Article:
Shana Perman, PA-C, never thought about working in the field of reproductive medicine and infertility until she went through IVF treatment herself to grow her family. Her career choice is a reflection of her personal story — understanding the roller coaster of emotions, cycles, diagnoses, and treatment paths that culminate into a family-building journey. Shana cares because she has been there. Here is her story: 

When I started my job as a physician assistant at Shady Grove Fertility, I was 13 weeks pregnant with my second child, who I turned to SGF to help me conceive through IVF. I was blissful, nervous, nauseated, and ever cognizant of my growing baby bump. The truth is, it is somewhat awkward to be pregnant when you work in the field of infertility.  

When I first meet patients, many have endured countless negative pregnancy tests, miscarriages, or failed treatment cycles. Many are struggling with feelings of isolation, battling their biological clocks, believing that they arrived late to the fertility party, or that they were forced into infertility for reasons beyond their control. Some are single women, same-sex couples, couples with cancer, or possess genetic abnormalities. The last person they want to meet is a healthcare provider whose round belly represents what seems unreachable.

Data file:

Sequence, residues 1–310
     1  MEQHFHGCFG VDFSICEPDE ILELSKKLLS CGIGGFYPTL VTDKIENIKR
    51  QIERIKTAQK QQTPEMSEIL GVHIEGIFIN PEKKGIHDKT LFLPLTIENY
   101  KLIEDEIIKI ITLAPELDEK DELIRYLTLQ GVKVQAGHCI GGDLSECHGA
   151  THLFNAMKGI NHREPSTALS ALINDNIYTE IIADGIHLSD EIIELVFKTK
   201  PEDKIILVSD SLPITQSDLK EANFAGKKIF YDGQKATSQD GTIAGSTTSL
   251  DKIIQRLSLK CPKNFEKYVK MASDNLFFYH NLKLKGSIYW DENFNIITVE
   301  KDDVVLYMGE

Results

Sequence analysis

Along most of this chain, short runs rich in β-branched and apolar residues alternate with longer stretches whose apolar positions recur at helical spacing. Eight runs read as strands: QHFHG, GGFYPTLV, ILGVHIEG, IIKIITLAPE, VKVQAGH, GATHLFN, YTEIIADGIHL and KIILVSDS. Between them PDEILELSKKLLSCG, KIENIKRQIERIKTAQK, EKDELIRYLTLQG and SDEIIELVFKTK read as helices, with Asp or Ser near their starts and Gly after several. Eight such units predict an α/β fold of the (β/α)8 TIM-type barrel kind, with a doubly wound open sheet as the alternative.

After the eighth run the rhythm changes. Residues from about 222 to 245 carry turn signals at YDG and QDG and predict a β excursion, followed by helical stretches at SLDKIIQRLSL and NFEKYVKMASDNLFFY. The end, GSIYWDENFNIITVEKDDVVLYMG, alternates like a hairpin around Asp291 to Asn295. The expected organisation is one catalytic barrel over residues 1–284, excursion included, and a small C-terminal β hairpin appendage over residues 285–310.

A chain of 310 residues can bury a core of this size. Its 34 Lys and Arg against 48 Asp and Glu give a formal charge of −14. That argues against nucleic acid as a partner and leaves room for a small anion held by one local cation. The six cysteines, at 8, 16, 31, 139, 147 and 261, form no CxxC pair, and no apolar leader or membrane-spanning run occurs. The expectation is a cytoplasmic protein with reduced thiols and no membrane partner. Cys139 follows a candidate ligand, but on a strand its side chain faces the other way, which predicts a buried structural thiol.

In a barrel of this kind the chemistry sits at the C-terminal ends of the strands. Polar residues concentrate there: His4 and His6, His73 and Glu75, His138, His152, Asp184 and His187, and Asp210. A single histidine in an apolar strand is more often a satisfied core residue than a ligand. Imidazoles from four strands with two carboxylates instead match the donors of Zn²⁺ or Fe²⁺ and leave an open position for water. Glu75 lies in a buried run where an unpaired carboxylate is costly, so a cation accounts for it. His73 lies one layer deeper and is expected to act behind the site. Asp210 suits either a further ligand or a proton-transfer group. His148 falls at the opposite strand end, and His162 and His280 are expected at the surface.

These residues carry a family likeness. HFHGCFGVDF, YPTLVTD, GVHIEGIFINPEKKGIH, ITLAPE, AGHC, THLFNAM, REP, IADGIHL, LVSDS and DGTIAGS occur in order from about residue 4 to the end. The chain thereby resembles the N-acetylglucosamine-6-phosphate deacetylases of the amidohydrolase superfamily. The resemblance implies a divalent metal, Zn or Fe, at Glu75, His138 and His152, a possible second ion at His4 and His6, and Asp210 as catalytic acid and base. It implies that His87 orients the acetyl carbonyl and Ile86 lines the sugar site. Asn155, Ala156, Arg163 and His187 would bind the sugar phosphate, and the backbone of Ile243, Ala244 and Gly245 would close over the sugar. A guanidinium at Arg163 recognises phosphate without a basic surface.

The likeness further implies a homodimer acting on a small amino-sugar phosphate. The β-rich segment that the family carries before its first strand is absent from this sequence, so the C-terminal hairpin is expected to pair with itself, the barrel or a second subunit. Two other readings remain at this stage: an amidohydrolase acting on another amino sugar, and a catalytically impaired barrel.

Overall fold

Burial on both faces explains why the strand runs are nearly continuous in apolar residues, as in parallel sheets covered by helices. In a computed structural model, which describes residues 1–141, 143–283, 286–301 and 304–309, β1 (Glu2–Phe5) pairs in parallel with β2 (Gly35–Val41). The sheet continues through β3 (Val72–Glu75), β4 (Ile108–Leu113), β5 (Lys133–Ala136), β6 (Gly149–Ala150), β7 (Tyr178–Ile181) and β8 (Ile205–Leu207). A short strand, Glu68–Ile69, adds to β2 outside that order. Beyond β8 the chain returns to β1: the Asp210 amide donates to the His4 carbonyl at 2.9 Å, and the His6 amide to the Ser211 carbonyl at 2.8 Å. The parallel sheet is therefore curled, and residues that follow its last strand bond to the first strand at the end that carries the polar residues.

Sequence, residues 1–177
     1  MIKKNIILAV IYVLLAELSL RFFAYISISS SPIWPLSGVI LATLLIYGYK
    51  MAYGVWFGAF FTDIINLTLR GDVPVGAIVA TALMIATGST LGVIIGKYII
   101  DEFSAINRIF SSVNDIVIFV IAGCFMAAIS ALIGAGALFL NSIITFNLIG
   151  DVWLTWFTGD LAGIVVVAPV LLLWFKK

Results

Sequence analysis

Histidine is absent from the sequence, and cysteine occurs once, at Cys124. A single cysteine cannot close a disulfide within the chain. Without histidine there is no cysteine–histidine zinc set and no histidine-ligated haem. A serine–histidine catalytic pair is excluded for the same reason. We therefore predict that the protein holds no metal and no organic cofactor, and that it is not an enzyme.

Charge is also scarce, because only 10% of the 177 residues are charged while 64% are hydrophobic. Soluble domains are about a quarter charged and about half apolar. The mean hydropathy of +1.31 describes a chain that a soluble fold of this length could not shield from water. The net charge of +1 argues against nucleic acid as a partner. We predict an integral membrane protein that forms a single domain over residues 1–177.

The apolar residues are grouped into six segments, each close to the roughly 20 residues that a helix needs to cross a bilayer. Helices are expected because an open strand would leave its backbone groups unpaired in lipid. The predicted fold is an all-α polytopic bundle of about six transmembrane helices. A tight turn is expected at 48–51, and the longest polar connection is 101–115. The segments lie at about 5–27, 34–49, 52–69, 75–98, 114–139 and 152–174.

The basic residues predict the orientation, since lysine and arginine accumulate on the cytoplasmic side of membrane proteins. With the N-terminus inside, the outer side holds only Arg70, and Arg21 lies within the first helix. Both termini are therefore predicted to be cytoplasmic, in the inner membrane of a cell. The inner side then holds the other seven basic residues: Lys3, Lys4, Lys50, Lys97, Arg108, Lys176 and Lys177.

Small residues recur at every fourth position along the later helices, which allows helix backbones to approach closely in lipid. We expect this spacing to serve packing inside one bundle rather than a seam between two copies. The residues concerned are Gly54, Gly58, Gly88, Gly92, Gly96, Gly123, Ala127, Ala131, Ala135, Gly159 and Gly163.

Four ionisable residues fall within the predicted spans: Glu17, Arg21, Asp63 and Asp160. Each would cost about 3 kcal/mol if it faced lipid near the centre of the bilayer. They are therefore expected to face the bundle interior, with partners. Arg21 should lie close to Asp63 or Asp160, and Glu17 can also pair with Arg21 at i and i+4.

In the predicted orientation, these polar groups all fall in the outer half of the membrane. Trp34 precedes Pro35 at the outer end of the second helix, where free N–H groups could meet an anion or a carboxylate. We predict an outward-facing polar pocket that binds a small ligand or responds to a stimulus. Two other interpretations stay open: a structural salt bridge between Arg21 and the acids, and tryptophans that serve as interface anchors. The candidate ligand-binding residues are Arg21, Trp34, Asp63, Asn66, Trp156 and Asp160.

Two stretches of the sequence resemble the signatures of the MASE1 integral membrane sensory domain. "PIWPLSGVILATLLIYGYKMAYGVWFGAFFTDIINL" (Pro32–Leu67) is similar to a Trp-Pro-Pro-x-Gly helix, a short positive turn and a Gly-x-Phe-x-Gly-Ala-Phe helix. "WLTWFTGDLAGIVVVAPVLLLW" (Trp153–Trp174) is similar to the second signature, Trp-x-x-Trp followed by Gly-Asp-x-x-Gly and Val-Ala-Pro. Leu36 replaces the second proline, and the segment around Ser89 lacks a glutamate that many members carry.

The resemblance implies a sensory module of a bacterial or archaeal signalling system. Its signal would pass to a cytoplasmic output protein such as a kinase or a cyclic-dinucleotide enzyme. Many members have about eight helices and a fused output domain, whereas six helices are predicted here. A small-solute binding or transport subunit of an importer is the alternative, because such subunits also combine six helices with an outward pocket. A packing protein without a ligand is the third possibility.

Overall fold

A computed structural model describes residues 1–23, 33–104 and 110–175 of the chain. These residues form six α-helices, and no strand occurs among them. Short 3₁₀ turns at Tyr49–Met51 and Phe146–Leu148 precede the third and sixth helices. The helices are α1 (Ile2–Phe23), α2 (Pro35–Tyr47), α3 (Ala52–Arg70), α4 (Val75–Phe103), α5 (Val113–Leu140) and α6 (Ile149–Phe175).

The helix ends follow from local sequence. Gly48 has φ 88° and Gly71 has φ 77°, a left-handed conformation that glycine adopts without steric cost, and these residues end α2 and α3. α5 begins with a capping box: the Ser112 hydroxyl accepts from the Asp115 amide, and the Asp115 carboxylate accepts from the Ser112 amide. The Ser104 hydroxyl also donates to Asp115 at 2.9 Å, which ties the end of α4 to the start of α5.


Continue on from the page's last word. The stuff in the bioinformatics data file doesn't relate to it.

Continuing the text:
But, like my patients, I personally have a profound understanding of the crazy human experience that is fertility treatment. Professionally, I have in-depth knowledge about what actually happens in a fertility practice to make it work — from the office to the embryology lab, to all the amazing staff behind the scenes who help make each patient’s journey come to life. I am part of the one in eight [couples] — or more than seven million people — affected by infertility. 

My husband and I faced various unexpected struggles in our journey to build a family, but finally met success (three times) with IVF. IVF was life-altering for us; it made us parents and it led me to change professional specialties — from neonatal intensive care to infertility. I love being part of a collaborative healthcare team that provides personalized medical care to those facing infertility.  

Daily, I perform ultrasound monitoring, early OB ultrasounds, intrauterine inseminations, and mock embryo transfers, among other services. I counsel and care for patients. I share my story with my patients, offering hope and possibility. Modern medicine has made possible treatments to help most people achieve their goal of parenthood, including myself. 

I’m grateful that I get to be a part of my patients’ journeys. No one wants to be a part of the club that needs fertility treatment, but my personal experience gives me passion and purpose in what I do — and I wouldn’t trade it for anything. 

Shana Perman, P.A.-C’s story was originally published on the Philadelphia College of Osteopathic Medicine’s website.